When is sexual intercourse not sexual intercourse? Well, a court in Florida is about to decide.
The Florida supreme court heard arguments on Wednesday over the definition of sexual intercourse as it weighs a challenge to a state law that requires people living with HIV to inform partners of their infection. The case stems from charges filed in 2011 against Gary Debaun, who was accused of not informing his male partner of his HIV status before they engaged in “fellatio and penile-anal penetration”. Under Florida law, an HIV-positive individual must disclose their status to a potential partner before “sexual intercourse”. Debaun’s case was dismissed by a county circuit court judge who found that Florida law defines “sexual intercourse” as between men and women.The state appealed against the ruling, arguing that the term did not apply exclusively to penile-vaginal penetration, and included all sexual acts that could result in the transmission of HIV to a partner. The appeals court then overturned that ruling but asked the state’s supreme court to weigh in and resolve the debate. In a court brief, the state said the intent of the law was clear, and that it was implausible to suggest the legislature passed a law aimed at protecting Floridians from unwittingly exposing themselves to HIV without intending for a more inclusive definition of the term. “The purpose of the statute was to criminalize knowingly exposing another person to HIV and Aids through sexual intercourse without first advising that person,’’ the attorney general’s office wrote in an August brief to the court. The statute applies to anyone, male or female, who may expose their partner through sexual intercourse, even if that sexual intercourse includes an act other than the penetration of the female sexual organ by the male sexual organ. It is not the sexual act that the legislature meant to criminalize, but knowingly exposing one’s sex partners to HIV and AIDS.” Debaun’s attorney, however, argued in a May brief that sexual intercourse is consistently defined throughout Florida law as between a man and a woman, regardless of legislative intent. “The Florida legislature and this court have always identified penile-vaginal union as ‘sexual intercourse’ and distinguished it from all other sexual contact,” Brian Lee Ellison, an assistant public defender representing Debaun, wrote in a May court briefing. “Neither this court, nor the legislature has ever said otherwise. The plain meaning of the term is therefore clear and unambiguous.”One of the Gary's supporters told a newspaper Florida’s law hurts the public health because it punishes people who might be receiving treatment for HIV. He says people receiving treatment for HIV can have an untraceable amount of the virus’ contagion, making it virtually impossible to transmit HIV. Instead of the law banning HIV-positive people from having sex without notifying their partners, he says, the law should only punish people when they actually transmit the virus. In Florida, the law almost always punishes people who haven’t actually spread the virus.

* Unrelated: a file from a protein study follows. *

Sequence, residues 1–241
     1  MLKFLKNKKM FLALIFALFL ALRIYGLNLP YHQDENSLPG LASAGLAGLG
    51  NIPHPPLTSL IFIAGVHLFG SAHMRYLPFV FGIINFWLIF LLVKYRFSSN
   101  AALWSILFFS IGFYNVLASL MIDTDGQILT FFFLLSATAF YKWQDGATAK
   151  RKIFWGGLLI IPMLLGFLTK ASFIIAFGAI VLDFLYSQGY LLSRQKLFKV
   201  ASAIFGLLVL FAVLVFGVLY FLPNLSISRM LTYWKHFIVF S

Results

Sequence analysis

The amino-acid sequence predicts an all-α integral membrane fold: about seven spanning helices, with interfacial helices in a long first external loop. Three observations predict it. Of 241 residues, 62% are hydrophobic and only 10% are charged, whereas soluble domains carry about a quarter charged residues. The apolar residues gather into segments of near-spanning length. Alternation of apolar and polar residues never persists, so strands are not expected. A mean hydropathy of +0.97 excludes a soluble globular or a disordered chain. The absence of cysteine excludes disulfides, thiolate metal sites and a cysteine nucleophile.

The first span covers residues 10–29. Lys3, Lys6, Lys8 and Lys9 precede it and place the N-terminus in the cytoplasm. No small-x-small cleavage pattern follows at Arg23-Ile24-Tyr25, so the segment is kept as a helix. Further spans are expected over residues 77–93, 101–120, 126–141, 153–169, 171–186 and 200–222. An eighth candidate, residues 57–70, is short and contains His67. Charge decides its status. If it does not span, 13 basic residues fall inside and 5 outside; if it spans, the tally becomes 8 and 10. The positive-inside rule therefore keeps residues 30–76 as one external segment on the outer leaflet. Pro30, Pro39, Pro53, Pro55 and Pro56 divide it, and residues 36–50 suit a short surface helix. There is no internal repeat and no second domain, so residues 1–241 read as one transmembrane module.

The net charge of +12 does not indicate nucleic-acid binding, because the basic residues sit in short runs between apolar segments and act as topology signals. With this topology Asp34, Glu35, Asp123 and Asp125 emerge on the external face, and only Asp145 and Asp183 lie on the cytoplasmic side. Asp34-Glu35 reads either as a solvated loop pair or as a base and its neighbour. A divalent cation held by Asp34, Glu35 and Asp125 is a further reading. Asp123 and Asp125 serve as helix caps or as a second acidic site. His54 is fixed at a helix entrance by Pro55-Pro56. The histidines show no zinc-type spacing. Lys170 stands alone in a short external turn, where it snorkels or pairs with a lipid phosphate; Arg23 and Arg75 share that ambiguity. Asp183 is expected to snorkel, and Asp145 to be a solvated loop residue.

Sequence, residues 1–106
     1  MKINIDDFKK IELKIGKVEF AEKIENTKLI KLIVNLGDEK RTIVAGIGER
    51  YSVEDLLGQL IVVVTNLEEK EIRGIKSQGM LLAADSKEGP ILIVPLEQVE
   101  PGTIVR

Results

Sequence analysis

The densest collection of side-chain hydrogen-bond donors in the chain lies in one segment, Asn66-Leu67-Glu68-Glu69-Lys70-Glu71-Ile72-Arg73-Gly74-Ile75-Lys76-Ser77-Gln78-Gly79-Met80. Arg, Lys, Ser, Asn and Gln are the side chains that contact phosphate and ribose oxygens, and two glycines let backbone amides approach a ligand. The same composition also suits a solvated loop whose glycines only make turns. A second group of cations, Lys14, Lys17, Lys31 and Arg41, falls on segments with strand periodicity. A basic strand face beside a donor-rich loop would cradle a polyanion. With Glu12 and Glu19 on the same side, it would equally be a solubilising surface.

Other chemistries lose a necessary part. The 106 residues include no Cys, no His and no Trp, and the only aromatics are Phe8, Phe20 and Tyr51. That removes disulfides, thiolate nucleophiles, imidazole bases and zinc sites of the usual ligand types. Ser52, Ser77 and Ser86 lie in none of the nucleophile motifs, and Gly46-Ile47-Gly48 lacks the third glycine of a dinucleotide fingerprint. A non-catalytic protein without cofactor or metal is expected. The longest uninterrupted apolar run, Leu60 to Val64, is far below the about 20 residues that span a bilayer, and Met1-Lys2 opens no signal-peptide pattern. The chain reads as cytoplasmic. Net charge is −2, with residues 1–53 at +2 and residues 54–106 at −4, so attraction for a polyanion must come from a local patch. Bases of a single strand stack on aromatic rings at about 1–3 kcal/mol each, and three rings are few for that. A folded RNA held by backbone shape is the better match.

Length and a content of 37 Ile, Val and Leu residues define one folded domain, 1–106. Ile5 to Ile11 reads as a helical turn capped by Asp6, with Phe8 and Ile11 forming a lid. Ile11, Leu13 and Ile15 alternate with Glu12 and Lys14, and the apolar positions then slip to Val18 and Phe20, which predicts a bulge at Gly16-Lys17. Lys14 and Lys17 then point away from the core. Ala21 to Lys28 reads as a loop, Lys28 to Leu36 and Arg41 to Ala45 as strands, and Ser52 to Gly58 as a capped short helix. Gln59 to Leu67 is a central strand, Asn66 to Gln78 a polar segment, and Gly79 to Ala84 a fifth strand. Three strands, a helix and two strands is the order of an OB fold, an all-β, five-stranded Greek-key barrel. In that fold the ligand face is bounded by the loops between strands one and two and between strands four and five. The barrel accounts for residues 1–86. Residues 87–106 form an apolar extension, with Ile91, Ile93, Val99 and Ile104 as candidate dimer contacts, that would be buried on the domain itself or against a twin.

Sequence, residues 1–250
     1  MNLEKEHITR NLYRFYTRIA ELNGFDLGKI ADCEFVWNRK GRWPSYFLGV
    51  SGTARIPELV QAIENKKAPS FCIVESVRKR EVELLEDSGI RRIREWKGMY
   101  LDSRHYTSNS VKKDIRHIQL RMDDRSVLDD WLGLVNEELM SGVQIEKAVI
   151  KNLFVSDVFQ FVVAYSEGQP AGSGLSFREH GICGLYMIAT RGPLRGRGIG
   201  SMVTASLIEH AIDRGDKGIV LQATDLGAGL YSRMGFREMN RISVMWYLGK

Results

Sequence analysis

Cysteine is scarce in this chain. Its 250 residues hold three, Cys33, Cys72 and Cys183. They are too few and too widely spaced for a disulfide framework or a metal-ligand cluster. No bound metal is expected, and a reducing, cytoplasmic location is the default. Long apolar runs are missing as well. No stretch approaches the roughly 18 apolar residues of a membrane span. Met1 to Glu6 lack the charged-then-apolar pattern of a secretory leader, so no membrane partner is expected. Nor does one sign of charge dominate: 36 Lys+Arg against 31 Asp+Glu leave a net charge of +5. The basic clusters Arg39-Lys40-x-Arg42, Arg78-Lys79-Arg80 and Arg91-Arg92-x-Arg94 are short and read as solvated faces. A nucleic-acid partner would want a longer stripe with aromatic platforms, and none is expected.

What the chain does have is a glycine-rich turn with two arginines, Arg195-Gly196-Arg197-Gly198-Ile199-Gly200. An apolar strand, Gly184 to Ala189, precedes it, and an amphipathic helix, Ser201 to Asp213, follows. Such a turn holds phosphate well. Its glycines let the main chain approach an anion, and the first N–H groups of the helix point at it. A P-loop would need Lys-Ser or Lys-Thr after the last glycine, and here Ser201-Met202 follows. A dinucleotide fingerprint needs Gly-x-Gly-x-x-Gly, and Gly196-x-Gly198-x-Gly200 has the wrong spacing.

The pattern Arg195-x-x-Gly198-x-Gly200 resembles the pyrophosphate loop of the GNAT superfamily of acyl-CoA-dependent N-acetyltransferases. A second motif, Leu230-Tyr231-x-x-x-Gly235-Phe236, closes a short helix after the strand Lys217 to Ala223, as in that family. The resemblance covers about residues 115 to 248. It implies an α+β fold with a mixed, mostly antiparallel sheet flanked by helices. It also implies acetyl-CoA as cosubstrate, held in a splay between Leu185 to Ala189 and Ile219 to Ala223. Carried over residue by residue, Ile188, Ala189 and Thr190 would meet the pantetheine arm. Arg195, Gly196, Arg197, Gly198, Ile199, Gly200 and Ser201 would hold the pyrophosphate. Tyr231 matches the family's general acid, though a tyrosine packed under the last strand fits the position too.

source: The Guardian